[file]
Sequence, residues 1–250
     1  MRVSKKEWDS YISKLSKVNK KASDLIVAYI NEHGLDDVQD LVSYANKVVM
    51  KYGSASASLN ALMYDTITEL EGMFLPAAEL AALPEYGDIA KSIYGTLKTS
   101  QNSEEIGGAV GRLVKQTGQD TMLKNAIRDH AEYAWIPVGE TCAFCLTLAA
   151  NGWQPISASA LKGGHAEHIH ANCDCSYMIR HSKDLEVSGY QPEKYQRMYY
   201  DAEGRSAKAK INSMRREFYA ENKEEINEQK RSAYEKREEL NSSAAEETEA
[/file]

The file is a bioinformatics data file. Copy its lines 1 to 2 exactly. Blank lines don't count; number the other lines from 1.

Sequence, residues 1–250
     1  MRVSKKEWDS YISKLSKVNK KASDLIVAYI NEHGLDDVQD LVSYANKVVM